The administration has also relied on U.N. Security Council sanctions – now in their third round of tightening – and financial transactions. The Treasury Department recently created the terrorism financial intelligence team, which has been able to persuade major banks such as Credit Suisse Group (CS), HSBC Holdings PLC (HBC) and Commerzbank AG (CBK.XE) to stop dealing with Iranian banks. The Treasury also has prohibited U.S. dollar transactions with two Iranian banks it linked to terrorism and support of the regime’s alleged efforts to build a nuclear bomb.

The Foreign Affairs Committee’s bill seeks greater exclusion of the Iranian banking sector. The bill authorizes an additional $60 million in funding for the terrorism team for next year, and the same amount until 2010.

Lantos’ Iran Counter-Proliferation Act also would eliminate some U.S. tax incentives for oil companies investing in Iran and close a loophole that allows foreign subsidiaries of U.S. companies to invest more than $20 million in Iran.

Victor Comras, a retired diplomat and a consultant on terrorist financing, told the Senate Commerce Committee in late April that around 35 subsidiaries of U.S. companies were known to be operating in Iran, including oil services company Smith International Inc. (SII), General Electric Co.’s (GE) Canadian, Italian and French subsidiaries, and a Swiss-owned Caterpillar dealership in Tehran. According to its Web site, Schlumberger Ltd. (SLB) also has a well services unit in Tehran.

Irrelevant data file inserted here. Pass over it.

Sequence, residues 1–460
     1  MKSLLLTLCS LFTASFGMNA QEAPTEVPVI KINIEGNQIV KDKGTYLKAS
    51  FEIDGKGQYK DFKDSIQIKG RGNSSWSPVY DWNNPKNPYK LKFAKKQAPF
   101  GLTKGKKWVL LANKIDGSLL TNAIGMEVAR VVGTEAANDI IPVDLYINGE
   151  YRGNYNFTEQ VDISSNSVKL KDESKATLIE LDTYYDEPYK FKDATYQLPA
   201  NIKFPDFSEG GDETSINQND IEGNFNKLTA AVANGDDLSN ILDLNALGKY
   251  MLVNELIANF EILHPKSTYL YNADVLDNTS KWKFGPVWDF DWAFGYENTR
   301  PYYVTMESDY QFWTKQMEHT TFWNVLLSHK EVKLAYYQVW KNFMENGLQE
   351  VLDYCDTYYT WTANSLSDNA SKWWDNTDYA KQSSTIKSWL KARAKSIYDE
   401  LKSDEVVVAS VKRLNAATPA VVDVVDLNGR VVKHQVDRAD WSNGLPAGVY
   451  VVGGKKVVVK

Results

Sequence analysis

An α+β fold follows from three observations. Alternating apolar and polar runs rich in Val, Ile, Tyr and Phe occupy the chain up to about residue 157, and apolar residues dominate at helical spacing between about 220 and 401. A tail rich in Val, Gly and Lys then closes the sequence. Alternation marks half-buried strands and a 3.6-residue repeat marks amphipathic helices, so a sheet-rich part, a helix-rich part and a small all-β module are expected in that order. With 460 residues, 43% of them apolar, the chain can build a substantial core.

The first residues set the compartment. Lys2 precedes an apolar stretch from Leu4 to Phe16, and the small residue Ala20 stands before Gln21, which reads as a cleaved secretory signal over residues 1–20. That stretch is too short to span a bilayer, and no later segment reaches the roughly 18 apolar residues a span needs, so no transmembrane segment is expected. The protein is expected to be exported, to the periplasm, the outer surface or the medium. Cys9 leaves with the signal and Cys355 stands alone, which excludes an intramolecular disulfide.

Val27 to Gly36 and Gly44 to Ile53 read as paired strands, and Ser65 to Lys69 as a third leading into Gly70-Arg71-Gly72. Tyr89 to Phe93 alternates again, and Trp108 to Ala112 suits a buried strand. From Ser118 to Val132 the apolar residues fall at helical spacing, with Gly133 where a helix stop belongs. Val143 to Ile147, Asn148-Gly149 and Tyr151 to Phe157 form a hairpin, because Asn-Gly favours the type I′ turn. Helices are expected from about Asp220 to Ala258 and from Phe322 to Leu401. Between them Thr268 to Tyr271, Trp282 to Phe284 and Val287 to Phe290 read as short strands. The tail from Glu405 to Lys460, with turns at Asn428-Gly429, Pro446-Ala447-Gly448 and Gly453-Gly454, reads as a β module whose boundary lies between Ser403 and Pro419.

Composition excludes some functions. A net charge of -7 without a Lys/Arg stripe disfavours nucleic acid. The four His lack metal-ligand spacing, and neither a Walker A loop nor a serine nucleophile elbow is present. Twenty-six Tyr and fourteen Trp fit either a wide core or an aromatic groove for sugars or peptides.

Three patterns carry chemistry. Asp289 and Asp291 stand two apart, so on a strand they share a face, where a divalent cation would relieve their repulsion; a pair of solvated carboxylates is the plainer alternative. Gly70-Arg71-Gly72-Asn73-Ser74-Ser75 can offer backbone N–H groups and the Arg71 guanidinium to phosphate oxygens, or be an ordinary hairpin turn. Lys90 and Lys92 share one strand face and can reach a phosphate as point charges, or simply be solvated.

The bill could affect economic production in Iran by prohibiting business deals with or funding for the Islamic Revolutionary Guards Corps, or the IRGC. The legislation, if passed, would designate the IRGC as a “foreign terrorist organization.”

“The Revolutionary Guard, which is a major base of support for (President Mahmoud) Ahmadinejad, owns huge economic enterprises in Iran,” Lantos said. ” Foreign banks will think twice about dealing with these enterprises once the Revolutionary Guard is declared a terrorist organization.”

The IRGC’s engineering arm, Khatam-al-Anbiya Construction Headquarters, or Ghorb, last year won a $2.3 billion contract to develop two phases of Iran’s giant South Pars gas field in the Persian Gulf. Ghorb also is building a $1.3 billion pipeline that will carry gas from southwestern Iran to the Pakistan border.

-By Ian Talley, Dow Jones Newswires; (202) 862-9285; [email protected]

  (END) Dow Jones Newswires
  06-26-07 1106ET
  Copyright (c) 2007 Dow Jones & Company, Inc.